“…This was my first bivvy under the stars and as a result, I had decided to bring a tarp so if the weather did change, I (and my expensive down sleeping bag) at least had some shelter from the rain. As I was setting up the tarp, I noticed some lights at the other end of the lake. It’s amazing that even in this remote part of the country, you still bump into other people. They seemed equally disappointed as one head lamp shouted to the other “Bugger, someone’s already there!””…
Inspired by Alastair Humphreys
For sometime I’ve been waiting for the ideal opportunity to sleep under the stars on a mountain; otherwise known as a wild bivvy. So I left work today at 4pm, came home, packed the rucksack, double checked the weather forecast, packed the car and was away by 5pm. Tom Tom was warning of plenty of Friday afternoon, school holiday traffic so I took the M6 Toll. After breaking away from the A5, Tom Tom took me along the most awesome mid-Wales roads I’ve ever driven on. Following some B-roads to Bala then joining the A4212. The sun was low in the sky, the tarmac was good, the road meandered though hills, past lakes, through woods, and the best bit was that unlike the roads to northern Snowdonia, I was not stuck behind a 35mph caravan. Just me and the road. The journey there was a microadventure on its own!
My car’s destination was a camp site at Cwm Bychan, the site’s owner lets you leave your car there overnight for a fee of £5. I arrived at about 9pm, there was not going to be much sunlight and I was resigned to arriving at my desired bivvy spot in the dark. I geared up, locked the car and headed off up the Roman Steps.
The first part of the walk was a bit confusing, after following the route that I thought the map was telling me, I hit barbed wire fences where I could see the path up the mountain on the other side. So, frustratingly, I had to follow the fence back along and down where I’d come to find a stile. This wasted about 15 minutes of sunlight.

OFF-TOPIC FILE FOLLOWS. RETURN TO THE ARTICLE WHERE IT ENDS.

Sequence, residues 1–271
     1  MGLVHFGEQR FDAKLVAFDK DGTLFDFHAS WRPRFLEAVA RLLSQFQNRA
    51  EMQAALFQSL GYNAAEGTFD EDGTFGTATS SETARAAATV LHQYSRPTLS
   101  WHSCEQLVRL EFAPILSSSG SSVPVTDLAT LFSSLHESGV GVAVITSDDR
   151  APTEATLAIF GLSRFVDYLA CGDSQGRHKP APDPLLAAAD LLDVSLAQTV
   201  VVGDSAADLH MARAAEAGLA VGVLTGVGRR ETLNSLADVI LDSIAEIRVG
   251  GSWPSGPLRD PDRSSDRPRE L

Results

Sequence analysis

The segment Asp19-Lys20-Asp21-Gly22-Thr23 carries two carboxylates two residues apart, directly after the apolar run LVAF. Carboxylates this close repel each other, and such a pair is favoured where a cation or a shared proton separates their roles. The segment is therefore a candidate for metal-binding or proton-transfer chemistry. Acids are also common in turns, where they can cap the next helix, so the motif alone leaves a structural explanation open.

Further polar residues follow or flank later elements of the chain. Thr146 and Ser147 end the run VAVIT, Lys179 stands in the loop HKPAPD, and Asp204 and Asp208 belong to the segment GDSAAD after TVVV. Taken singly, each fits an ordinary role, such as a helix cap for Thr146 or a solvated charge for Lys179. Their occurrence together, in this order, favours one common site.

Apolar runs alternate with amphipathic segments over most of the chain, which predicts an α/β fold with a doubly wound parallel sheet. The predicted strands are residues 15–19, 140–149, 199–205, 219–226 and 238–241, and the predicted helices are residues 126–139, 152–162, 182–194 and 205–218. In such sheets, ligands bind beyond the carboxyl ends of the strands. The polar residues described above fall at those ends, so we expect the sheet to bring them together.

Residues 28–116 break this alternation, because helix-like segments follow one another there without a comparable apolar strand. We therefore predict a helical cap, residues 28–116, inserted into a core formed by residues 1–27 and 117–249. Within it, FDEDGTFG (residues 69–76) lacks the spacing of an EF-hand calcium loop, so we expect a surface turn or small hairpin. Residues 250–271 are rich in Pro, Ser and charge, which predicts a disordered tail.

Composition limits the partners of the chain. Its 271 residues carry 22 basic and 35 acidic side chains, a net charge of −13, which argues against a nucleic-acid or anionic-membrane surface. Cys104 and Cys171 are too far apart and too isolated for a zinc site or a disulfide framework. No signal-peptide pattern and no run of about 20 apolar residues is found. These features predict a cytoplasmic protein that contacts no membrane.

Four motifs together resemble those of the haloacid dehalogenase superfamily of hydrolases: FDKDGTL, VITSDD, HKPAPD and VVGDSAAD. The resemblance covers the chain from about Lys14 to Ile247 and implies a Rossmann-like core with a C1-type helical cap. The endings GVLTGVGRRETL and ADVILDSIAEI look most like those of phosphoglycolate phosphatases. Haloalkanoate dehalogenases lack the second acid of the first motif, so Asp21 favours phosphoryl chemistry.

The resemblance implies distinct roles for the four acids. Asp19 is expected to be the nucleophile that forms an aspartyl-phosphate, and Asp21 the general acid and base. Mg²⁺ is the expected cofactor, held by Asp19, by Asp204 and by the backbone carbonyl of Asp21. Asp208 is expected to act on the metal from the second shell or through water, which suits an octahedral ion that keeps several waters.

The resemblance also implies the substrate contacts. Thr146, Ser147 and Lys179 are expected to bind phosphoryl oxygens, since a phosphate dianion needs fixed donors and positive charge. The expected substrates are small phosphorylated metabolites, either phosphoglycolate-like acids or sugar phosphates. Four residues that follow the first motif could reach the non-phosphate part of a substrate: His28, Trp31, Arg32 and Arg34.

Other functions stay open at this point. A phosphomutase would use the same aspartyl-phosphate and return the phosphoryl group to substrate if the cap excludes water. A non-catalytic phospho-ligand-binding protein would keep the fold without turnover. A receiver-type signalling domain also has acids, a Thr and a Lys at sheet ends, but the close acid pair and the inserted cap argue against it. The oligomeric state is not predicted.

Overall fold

The path up to the top of the Roman Steps was pretty easy going and I made good progress, however by the time I’d got to the top, it was dark and navigating my way from here on along the rocky, very windy track was proving difficult and slow requiring many checks of the GPS.
The route veers to the south and then up towards Llyn Du. I arrived at the lake and began to look as best I could for a suitable spot to bivvy with only my head torch for illumination. The ground I was standing on seemed ok, but I wasn’t really happy about being right next to the path. I had read that there was a good spot the other side of the lake so I began to walk around the north side of the lake. There were many boulders and it took quite a while to negotiate my way over them, but sure enough the ground started to flatten and the rocks gave way to grass. In fact, the perfect spot seemed to be marked with a ring of scorched stones, clearly someone before me had made a fire here. I moved the stones over and began to settle down for the night.
This was my first bivvy under the stars and as a precaution, I had decided to bring a tarp so if the weather did change, I (and my expensive down sleeping bag) at least had some shelter from the rain. As I was setting up the tarp, I noticed some lights at the other end of the lake. It’s amazing that even in this remote part of the country, you still bump into other people. They seemed equally disappointed as one head lamp shouted to the other “Bugger, someone’s already there!”. They settled themselves in the other flat grassy spot next to the path.